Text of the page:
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How Stories Work, Especially the Spooky Ones
Henry James, Ghost Writer: Reviewing ‘The Turn of the Screw’
As I assembled the books I would read month by month for my classic novel goal this year, I knew I wanted something spooky for October. I’m not much for horror or the macabre, so I didn’t really know where to start. I asked around, and a friend recommended The Turn of the Screw by Henry James.
“It’s perfect,” she said. “You’ll love it.”
There’s something necessarily disorienting about classic fiction, especially the further back you go. When, for instance, we read Jane Austen’s delightful Pride and Prejudice, we’re asked to inhabit a world vastly different than our own with strange conventions and assumptions. “The past is a foreign country,” as L.P. Hartley says, opening The Go-Between: “they do things differently there.”
To one degree or another, this was true for all the classic novels I’ve read so far this year. Each one pulls contemporary readers out of the moment and asks them to entertain life unlike our own; this is one of the virtues of reading, broadly speaking. But of all the novels I’ve read for this project, the one most alien—and alienating—was The Turn of the Screw, first published in 1898.
Written at the end of the nineteenth century and set a generation or so before, the story concerns an unnamed governess tasked with overseeing two preadolescent orphans. Flora and Miles’s parents have died and their rich uncle wants little to do with them; so, he sets them up in his massive, mostly empty country estate with a small staff to see to their needs.
Above all, he wants not to be bothered with them. The governess is given carte blanche in their upbringing. And she’s thrilled because the children seem perfect—the most beautiful, innocent creatures she’s ever encountered. Of course, not all is as it seems.
The first inkling? Miles has been expelled from school. Problematically, the reason is unclear from the headmaster’s letter. More problematically, the governess hesitates in asking the child. So begins a feature of the novel calculated to frustrate the reader’s penetration of the story.
The Turn of the Screw is a study in ambiguity with characters talking around, beside, over, beneath, and generally at any angle but directly about the subject at hand. This proves especially tricky when the subject includes a pair of ghosts.
The governess encounters the male ghost first, then the female. After talking with housekeeper Mrs. Grose, she identifies them as Peter Quint and Miss Jessel, the uncle’s former valet and the children’s prior governess. Quint and Jessel carried on an entanglement that resulted in her ruin, after which Quint stumbled drunk from a pub house and died one night on an icy road. And now? Why are they hanging about?
The governess is convinced the ectoplasmic couple is intent on corrupting the children. Quint had always been a corrupting influence, according to Mrs. Grose. Worse, the governess believes they’re already partway toward their frightening goal: One night Miles sneaks out to converse with Quint; another time Flora runs off to be with Jessel.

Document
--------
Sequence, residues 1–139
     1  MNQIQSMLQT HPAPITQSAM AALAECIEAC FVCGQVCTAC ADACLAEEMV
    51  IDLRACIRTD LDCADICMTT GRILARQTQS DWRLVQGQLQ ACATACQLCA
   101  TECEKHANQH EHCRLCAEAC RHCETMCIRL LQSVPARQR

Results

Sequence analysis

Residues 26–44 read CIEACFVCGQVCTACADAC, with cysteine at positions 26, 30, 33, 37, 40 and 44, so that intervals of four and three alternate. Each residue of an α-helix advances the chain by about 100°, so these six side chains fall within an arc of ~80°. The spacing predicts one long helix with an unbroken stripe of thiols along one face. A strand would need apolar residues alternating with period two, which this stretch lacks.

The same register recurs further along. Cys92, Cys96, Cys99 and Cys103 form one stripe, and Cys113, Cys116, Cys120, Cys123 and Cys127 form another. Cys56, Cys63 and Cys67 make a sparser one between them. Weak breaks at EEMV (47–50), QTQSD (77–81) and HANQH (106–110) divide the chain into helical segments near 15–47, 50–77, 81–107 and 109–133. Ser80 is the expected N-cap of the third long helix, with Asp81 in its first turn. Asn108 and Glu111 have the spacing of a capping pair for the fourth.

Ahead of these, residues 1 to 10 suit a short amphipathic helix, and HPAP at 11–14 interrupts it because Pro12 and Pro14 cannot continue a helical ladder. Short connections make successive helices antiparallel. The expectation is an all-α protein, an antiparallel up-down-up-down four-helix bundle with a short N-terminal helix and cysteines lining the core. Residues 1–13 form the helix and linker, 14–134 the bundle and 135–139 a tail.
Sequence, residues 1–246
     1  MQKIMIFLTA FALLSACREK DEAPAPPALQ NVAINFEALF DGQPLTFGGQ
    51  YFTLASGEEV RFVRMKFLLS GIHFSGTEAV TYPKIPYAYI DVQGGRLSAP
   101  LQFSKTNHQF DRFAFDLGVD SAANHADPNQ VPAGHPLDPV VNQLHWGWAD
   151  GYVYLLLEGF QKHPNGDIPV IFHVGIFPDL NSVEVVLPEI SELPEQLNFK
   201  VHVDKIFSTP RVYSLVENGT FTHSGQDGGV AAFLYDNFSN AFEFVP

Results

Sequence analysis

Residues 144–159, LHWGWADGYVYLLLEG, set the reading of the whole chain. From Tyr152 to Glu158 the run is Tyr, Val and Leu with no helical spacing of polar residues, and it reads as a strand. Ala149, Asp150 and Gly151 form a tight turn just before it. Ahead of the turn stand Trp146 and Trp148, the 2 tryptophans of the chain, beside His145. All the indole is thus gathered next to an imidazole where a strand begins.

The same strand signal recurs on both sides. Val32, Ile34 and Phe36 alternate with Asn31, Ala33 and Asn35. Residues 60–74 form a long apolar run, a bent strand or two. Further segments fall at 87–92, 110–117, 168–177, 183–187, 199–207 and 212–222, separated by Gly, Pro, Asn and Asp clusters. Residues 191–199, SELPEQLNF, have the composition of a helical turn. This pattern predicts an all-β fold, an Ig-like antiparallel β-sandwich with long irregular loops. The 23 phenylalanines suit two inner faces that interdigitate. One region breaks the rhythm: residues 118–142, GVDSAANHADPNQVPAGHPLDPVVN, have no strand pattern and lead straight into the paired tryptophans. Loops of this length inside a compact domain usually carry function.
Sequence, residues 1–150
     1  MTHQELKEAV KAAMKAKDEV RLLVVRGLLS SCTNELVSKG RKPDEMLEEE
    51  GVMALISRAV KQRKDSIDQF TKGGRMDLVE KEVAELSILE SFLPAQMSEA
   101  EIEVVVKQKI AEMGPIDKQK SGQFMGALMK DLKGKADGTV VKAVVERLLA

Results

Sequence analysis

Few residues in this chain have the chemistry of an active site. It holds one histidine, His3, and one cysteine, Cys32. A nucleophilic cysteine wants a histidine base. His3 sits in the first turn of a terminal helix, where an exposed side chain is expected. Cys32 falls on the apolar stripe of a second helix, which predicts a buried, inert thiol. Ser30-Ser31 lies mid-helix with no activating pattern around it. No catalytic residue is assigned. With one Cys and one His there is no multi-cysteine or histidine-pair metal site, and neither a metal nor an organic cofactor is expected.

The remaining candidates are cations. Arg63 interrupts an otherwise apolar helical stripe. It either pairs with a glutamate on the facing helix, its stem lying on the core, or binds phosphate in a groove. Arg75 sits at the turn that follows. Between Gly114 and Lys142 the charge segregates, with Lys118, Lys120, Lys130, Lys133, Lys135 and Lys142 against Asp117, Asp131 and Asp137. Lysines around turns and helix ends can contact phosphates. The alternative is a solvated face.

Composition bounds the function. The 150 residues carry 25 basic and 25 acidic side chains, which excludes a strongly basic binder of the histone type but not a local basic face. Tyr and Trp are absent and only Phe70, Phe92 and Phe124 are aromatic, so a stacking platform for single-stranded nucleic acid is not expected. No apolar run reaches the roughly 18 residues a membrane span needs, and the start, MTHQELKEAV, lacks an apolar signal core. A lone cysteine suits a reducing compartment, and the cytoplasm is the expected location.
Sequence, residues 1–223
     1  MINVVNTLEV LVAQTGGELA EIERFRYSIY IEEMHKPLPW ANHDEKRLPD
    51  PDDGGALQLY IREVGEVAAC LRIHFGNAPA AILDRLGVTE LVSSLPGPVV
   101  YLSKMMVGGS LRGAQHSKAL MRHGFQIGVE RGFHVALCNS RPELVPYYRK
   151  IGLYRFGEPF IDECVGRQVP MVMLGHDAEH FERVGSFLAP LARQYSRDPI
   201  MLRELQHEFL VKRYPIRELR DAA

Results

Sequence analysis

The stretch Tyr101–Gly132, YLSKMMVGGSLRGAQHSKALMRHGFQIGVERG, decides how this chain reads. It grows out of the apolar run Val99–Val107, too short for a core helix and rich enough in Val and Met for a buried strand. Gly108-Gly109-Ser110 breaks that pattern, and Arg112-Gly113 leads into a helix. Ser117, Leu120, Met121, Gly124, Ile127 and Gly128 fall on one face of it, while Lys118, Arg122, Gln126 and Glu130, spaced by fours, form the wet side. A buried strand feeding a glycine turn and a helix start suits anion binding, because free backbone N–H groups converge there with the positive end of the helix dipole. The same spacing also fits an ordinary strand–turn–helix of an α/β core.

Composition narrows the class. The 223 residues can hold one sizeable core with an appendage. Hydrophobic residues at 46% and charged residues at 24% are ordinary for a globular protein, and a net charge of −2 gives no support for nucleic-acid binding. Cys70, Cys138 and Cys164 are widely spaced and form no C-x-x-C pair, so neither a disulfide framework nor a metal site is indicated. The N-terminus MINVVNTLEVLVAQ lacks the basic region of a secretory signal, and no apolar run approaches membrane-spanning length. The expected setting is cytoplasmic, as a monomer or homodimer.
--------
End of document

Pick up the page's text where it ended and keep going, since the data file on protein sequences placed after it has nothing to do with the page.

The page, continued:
But do they?
Based on the testimony of the other characters, no one else actually sees these ghosts except the governess. At least, it’s not clear they do. James’s roundabout narration and his characters’ reticent dialog keep us guessing about what’s actually happening and who really sees and knows what. The governess can’t ask a straight question, and no one else can provide a straight answer.
As the story builds towards its climax, the governess’s obsession with the ghosts drives Flora away. Mrs. Grose takes her to be with her uncle, while the governess and Miles stay to have it out with Quint. Miles finally admits to his wrongdoing at school, after which Quint appears—or does he?—and brings the story to its fateful, tragic close.
Readers lapped it up, which was good news for James. He needed a hit. After the initial popularity of novels such as Daisy Miller (1878) and The Portrait of a Lady (1881), he’d written a string of unsuccessful plays and found himself in a bit of a slump. The Turn of the Screw gripped audiences from the start, reading bit by bit as it was serialized in the pages of Collier’s Weekly.
Published in book form later in 1898, the story has captivated readers ever since—in large part because no one can agree on what the story is about, what it means, or even what happens. Hence its overriding alienating quality.
But there’s something alluring in the elusive, isn’t there? It’s a powerful reminder of what a book is capable of. More than relate events or ideas, a narrative creates an experience for the reader. By withholding clarity, even resolution, James invites a sort of restless engagement that amplifies the tension like . . . the turn of the screw.
Did I love it? No. Will I read it again? Most definitely. I still want to know what happens.
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Mikhail Bulgakov’s The Master and Margarita (January)
Carlo Collodi’s The Adventures of Pinocchio (February)
Jane Austen’s Pride and Prejudice (March)
Joseph Heller’s Catch-22 (April)
Chinua Achebe’s Things Fall Apart (May)
Alan Paton’s Cry, the Beloved Country (June)
Sigrid Undset’s Kristin Lavransdatter trilogy (July)
Zora Neale Hurston’s The Eyes Were Watching God (August)
Ken Kesey’s One Flew Over the Cuckoo’s Nest (September)
In November, I’ll be reading and reviewing Shūsaku Endō’s Silence.